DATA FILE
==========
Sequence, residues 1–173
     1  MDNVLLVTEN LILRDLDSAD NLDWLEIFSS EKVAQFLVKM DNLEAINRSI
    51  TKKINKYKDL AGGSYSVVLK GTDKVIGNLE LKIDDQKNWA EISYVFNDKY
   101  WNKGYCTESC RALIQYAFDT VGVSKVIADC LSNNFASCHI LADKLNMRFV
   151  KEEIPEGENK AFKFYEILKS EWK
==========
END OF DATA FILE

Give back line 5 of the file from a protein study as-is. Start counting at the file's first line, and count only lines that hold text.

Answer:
   151  KEEIPEGENK AFKFYEILKS EWK